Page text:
One is like the other
We are two guards. One is like the other, and one is the counter to the other. And any other guard in the art where one is similar to the other is opposed except for the guards which are in point, namely Posta Longa (Long guard), Posta Breve (Short guard), and Posta Mezana Porta di Ferro (Middle Iron Gate guard). For when it is point against point, the longest weapon wounds first. And each can do what the other can.
Each guard can make a stable turn and a half turn. A stable turn is that by standing firm, you can fight to the rear and the front on the same side. A half turn is when one takes a step forward or backward, and can fight from the other side in front and behind. A full turn is when one goes around one foot with the other foot. One foot stands firm, and the other circles around.
Also I say that the sword also has three movements, namely stable turn, half turn and full turn. And these guards are both called Posta di Donna (Lady’s guard). Also there are four things in the art, which are passing, returning, increasing and decreasing.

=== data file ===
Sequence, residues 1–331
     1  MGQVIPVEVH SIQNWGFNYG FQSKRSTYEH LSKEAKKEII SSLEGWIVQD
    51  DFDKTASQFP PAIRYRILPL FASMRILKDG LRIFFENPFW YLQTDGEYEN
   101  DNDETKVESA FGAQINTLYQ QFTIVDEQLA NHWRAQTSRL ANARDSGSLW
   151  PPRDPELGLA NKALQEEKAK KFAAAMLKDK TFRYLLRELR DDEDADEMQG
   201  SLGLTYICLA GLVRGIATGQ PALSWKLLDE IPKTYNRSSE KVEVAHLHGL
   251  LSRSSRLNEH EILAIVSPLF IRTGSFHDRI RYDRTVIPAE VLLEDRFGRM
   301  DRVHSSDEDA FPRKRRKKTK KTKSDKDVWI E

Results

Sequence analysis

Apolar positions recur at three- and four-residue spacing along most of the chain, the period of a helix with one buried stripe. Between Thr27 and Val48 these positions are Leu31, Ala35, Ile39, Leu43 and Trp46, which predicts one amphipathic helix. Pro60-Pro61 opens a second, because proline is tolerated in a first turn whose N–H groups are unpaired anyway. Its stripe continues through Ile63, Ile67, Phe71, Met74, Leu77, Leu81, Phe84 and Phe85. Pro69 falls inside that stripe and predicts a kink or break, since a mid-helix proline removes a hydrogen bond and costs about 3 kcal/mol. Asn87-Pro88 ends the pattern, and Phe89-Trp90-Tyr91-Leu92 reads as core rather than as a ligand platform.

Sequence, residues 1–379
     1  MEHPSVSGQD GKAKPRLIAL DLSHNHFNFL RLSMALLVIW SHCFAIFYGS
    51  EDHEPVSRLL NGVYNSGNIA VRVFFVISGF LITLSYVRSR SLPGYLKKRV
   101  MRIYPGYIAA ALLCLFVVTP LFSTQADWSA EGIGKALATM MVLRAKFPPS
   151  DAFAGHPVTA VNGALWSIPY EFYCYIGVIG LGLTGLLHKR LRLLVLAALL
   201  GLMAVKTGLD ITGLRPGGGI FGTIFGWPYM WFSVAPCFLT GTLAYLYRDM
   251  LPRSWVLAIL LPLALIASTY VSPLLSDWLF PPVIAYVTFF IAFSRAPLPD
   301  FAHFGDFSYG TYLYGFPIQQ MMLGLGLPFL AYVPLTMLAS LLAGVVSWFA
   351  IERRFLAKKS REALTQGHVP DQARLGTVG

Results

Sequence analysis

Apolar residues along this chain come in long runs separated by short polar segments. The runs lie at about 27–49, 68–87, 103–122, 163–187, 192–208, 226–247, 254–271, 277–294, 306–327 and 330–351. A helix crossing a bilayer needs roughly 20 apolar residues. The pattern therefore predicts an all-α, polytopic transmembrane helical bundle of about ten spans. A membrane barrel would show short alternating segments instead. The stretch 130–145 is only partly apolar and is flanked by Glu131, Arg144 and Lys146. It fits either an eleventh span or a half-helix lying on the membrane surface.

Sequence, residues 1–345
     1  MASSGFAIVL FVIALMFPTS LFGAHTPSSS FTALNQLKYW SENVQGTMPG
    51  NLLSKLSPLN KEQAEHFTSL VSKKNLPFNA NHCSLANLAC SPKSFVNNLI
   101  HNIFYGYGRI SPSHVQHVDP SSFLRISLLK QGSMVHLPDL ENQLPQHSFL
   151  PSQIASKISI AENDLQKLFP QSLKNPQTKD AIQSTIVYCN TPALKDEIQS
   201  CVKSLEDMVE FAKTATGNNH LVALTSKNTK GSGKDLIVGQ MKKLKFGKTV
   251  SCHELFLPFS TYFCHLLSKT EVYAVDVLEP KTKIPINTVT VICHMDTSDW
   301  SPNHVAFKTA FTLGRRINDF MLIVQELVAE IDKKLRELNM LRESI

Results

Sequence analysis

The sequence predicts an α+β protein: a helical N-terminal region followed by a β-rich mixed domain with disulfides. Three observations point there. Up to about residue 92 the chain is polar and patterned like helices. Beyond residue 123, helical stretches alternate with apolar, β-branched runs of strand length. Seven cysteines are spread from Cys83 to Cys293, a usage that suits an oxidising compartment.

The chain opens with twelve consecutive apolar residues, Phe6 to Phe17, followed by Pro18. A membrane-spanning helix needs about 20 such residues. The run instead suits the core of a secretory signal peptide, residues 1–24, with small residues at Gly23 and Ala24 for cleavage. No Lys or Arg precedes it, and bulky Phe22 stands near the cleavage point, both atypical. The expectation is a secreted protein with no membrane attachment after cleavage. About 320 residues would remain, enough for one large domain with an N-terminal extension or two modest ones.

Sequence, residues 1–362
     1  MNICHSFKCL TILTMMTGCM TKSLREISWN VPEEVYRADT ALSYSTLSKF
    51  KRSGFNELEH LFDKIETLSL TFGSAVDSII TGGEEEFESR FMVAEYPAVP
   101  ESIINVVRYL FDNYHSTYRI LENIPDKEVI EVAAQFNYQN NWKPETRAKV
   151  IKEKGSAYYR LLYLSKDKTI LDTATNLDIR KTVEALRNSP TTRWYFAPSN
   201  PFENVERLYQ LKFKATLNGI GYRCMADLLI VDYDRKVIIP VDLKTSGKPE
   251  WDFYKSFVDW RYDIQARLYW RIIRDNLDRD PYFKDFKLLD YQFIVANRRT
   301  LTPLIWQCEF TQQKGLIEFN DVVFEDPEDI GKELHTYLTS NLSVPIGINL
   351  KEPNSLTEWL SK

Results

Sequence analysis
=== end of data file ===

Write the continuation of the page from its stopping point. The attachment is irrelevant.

Where two opponents face each other from the same guard, neither has an advantage as they effectively mirror each other. The two guards pictured here are variants of Posta di Donna, although the rule holds true regardless of which guard the combatants take, with the exception of guards that align the blade down the centre line. These guards are Posta Longa, Posta Breve, and Posta Mezana Porta di Ferro. In such cases, the weapon with the greater reach holds the advantage.
A stable turn involves keeping the feet still and simply turning the hips 180 degrees. Although your sword would still be chambered on the same side in absolute space, relatively speaking it has swapped sides. i.e. if you were fighting to the front with a left guard, you are now fighting to the rear with a right guard.
A half turn is simply stepping either forward or back.
A full turn involves a pivot around one foot. Fiore does not elaborate on how far you need to pivot. A few degrees will change the pressure and nature of a bind. A step of more than around 30 degrees will create a new line of attack. A complete pivot of 180 degrees is effectively a half turn followed by a stable turn. Regardless of the size of your arc, you do not change sides. If you started in a left guard, you are still in a left guard at the end of the turn.